The state of Michigan has launched a pilot program to try and get cash flowing from banks to the auto suppliers that need money to invest in new technology and production.
The program, through Michigan's Economic Development Corp., does not provide direct funds, but instead gives a guarantee to banks to back up suppliers' loans. The hope is that the guarantee will convince banks to approve loans, allowing suppliers to move forward and breaking the logjam that has slowed private financing for manufacturers, Michigan Gov. Jennifer Granholm said in an Aug. 6 speech at the CAR Management Briefing Seminars in Traverse City.
Michigan currently has $12 million available through its 21st Century Jobs Fund, said Greg Main, MEDC president and CEO, and the state hopes to add another $20 million in support. The guarantee is a way for the government to support struggling suppliers without getting involved in direct cash funding, he said.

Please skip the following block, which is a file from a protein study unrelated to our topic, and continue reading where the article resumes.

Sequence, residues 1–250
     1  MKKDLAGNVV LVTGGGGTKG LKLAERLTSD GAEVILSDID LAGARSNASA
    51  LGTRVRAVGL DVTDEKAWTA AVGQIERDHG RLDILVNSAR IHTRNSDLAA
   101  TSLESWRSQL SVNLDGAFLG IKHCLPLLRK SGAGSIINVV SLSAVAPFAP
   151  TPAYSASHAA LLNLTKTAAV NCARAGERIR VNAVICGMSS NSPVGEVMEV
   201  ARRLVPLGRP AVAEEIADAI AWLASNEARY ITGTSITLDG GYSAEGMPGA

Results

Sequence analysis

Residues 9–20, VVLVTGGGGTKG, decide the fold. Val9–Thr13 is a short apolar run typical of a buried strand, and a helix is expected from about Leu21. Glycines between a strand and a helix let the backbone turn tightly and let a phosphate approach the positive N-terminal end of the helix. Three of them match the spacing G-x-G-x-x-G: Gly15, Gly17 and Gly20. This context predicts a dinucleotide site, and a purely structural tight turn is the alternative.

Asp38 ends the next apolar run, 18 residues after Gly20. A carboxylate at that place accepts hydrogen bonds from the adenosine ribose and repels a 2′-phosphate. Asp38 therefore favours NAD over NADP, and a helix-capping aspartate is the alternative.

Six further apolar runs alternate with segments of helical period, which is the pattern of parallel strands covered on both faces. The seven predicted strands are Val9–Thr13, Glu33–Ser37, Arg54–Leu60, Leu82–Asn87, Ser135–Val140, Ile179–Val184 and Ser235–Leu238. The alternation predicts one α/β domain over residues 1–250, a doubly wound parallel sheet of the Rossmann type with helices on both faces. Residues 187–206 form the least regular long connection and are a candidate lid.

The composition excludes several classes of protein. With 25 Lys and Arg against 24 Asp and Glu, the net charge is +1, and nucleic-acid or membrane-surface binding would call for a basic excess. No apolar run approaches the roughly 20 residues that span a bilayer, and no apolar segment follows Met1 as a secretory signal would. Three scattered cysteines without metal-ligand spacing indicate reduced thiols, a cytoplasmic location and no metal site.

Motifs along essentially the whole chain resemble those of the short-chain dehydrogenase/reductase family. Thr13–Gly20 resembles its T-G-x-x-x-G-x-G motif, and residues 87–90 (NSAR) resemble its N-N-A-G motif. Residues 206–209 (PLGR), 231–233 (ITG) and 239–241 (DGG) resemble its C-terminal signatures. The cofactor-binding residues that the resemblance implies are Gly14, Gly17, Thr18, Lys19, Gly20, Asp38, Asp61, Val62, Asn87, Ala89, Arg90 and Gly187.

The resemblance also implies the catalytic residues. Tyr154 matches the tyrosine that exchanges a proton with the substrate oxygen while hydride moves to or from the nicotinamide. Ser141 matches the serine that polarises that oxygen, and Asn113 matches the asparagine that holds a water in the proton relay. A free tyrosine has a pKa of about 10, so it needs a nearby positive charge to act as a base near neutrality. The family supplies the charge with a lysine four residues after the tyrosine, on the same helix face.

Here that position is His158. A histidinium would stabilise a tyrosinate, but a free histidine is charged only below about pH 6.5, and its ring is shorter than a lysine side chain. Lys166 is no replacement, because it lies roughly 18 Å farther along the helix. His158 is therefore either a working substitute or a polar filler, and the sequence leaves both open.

Granholm is encouraging federal authorities to consider similar plans since it does not want to provide cash directly to suppliers that are having problems accessing the private funds they need.
She and a group of six suppliers met with Ron Bloom, who heads up the national automotive task force, and Treasury Secretary Lawrence Summers on Aug. 5 to discuss the program and other ways to aid manufacturers.
The program conceivably would provide loan guarantees for firms that need funds for investing in new technology like an automotive molder that wants to enter battery production or wind-energy parts, Main said. It also could provide backup for new auto contracts.
The pilot program has had one successful launch so far, backing up circuit-board maker Saline Lectronics Inc. of Saline, Mich., which borrowed $2 million for an expansion.
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